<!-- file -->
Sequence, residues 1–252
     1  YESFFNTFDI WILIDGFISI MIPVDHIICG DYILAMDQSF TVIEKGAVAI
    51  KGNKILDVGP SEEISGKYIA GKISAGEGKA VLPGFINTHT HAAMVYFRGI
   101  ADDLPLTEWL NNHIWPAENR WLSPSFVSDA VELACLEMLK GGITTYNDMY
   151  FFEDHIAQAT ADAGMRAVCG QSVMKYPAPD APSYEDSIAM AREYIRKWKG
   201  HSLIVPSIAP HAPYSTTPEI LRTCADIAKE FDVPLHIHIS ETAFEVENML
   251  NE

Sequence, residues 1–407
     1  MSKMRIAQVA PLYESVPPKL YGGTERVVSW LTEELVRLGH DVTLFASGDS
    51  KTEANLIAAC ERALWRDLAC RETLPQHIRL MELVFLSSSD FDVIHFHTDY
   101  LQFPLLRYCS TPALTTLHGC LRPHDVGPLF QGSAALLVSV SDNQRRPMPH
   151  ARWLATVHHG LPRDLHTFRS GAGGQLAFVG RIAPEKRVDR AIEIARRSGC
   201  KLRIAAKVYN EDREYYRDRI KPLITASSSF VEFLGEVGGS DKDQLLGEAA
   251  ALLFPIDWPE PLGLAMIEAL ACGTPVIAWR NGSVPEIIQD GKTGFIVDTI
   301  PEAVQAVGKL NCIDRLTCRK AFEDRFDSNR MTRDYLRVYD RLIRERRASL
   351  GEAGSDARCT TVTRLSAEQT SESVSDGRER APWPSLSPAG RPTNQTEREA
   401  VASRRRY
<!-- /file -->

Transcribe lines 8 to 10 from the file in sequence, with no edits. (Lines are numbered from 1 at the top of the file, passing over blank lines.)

Sequence, residues 1–407
     1  MSKMRIAQVA PLYESVPPKL YGGTERVVSW LTEELVRLGH DVTLFASGDS
    51  KTEANLIAAC ERALWRDLAC RETLPQHIRL MELVFLSSSD FDVIHFHTDY